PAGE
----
M & R's argument is without merit. It is difficult to conceive how those early oral negotiations could have constituted a binding contract. It is clear that major amendments in the terms of the loan were made between M & R's formal application in December, 1974, and Trustees commitment letter in January, 1975. For example, the commitment letter added the requirement that the loan be guaranteed by Morris Shenker6 and by M & R's corporate parent. See M & R v. Fitzsimmons, 484 F.Supp. at 1046-49.


M & R presented no credible evidence that either party considered itself bound to a loan contract until well after the July 1, 1974, statutory deadline. In fact, M & R's conduct during the entire period of time in question was wholly inconsistent with the argument it now makes on appeal. Id.


M & R also contends that the loan was enforceable before July 1, 1974, because it was part of a separate February 1974 agreement, to which Trustees and Shenker were parties, that settled a conflict concerning loans to Shenker's other companies. However, that agreement makes no mention of the loan at issue here, and it has an integration clause that precludes M & R from combining the transactions. The district court properly rejected M & R's contentions on this issue. M & R v. Fitzsimmons, 484 F.Supp. at 1058-59.


In short, M & R has failed to demonstrate error by the district court in its conclusion that no binding contract existed until after ERISA became fully effective.


B. Removal of ERISA Impediment by Sale of Subsidiary.


M & R contends that because its parent disposed of the subsidiary that created the party-in-interest impediment, the loan transaction was not prohibited by ERISA. M & R posits that its change in status cleansed the loan of the party-in-interest element.


We do not decide whether the disposal of the subsidiary was a bona fide sale or, assuming it was, whether following the sale, the parties could have rescinded the loan contract and negotiated a new one and been in compliance with ERISA. Instead, we hold that even if the disposal of the impeding subsidiary were sufficient to break the party-in-interest chain, the fact that the contract already existed at the time of the divestiture vitiates the effect of any attempted change in the parties' status under ERISA.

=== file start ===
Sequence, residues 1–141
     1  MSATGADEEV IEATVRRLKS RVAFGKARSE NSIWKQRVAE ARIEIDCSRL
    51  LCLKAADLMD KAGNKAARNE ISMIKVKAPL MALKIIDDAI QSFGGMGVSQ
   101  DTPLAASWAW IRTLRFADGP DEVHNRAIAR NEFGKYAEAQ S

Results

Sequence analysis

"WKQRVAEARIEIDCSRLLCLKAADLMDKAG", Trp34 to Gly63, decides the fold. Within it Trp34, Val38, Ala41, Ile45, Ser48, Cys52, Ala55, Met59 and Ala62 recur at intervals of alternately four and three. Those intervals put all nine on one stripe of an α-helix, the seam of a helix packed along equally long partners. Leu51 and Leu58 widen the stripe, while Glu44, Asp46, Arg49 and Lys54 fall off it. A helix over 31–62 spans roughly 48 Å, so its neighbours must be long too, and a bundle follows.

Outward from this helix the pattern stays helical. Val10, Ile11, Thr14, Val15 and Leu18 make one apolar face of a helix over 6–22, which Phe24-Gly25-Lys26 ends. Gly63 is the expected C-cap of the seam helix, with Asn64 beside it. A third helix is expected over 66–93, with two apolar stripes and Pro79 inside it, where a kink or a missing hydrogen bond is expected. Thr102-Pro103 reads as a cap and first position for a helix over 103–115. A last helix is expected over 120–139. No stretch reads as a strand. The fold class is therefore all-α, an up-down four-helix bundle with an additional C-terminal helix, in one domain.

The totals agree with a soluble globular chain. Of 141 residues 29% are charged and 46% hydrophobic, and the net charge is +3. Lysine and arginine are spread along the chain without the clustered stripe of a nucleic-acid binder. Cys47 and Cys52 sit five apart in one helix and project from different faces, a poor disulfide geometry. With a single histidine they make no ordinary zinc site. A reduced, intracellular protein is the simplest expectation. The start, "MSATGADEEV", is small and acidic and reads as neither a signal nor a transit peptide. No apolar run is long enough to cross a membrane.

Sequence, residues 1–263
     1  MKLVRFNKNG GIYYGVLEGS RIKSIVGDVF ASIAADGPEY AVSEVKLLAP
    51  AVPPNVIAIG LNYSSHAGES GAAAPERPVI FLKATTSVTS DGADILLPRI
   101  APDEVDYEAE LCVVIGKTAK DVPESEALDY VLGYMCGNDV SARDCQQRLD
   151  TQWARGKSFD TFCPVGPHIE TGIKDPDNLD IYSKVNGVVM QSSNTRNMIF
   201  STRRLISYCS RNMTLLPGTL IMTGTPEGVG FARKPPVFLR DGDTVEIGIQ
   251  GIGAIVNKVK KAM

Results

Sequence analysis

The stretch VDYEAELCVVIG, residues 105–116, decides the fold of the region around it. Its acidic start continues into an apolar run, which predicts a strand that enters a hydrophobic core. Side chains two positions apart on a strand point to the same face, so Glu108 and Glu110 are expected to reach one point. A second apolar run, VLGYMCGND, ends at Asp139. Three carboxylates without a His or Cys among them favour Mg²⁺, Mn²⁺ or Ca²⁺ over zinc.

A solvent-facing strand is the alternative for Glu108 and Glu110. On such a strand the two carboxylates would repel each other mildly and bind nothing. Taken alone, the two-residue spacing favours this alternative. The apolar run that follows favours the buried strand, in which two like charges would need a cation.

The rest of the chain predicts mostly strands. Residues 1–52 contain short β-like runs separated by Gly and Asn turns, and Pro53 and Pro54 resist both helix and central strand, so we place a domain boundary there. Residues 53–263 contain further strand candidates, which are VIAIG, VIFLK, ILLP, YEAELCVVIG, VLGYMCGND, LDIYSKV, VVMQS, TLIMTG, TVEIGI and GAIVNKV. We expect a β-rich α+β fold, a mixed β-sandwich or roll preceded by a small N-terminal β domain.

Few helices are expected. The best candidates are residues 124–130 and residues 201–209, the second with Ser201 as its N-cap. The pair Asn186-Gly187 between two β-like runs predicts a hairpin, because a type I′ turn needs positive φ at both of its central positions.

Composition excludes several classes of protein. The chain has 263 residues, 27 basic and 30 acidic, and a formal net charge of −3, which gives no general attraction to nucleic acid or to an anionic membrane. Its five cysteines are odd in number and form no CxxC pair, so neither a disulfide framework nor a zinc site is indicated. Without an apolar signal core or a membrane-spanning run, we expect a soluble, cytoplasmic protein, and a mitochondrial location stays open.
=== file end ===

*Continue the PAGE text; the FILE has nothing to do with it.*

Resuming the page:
The basis of M & R's argument on this issue lies in the language of the prohibited transactions section of ERISA.7 That section prohibits a transaction constituting a direct or indirect "lending of money or other extension of credit between the plan and a party in interest ...." M & R contends that because the loan proceeds were never disbursed, there has not been a "lending of money," and ERISA has not been violated. It argues that the loan contract is a separate part of the transaction not prohibited by ERISA.


We reject this interpretation because it ignores the realities of contractual transactions, and it would clear the way for exactly the kind of abuses ERISA is intended to prevent.


The contention that the contract to loan is not a transaction barred by ERISA and is severable from the disbursement of funds is unsupportable in the context of this case. The disbursal procedures are set out in the loan agreement. The contract prevents disbursement prior to June 1, 1976, and requires it to have commenced by June 30, 1976. Specific and detailed instructions setting out the disbursement rules are included in the contract. Disbursement has no meaning for these parties without the terms set out in the contract. There is no merit to the argument that this contractually created right is severable from the contract that created it. M & R v. Fitzsimmons, 484 F.Supp. at 1057.


Moreover, to allow the severing that M & R requests would undercut the statutory purpose of ERISA. Congress enacted ERISA in order to protect pensions and other delayed compensation for the benefit of employees. See Wadsworth v. Whaland, 562 F.2d 70, 73-74 (1st Cir. 1977), cert. denied, 435 U.S. 980, 98 S.Ct. 1630, 56 L.Ed.2d 72 (1978). The party-in-interest prohibitions act to insure arm's-length transactions by fiduciaries of funds subject to ERISA. A transaction with a party in interest is prohibited under the presumption that it is not arm's-length. The result is a broad per se prohibition of transactions ERISA implicitly defines as not arm's-length. See Cutaiar v. Marshall, 590 F.2d 523, 528-29 (3d Cir. 1979). Yet M & R would have us ignore the fact that the contract was negotiated and agreed upon while the prohibited relationship existed. We are asked to focus instead on the basically ministerial act of disbursing the funds.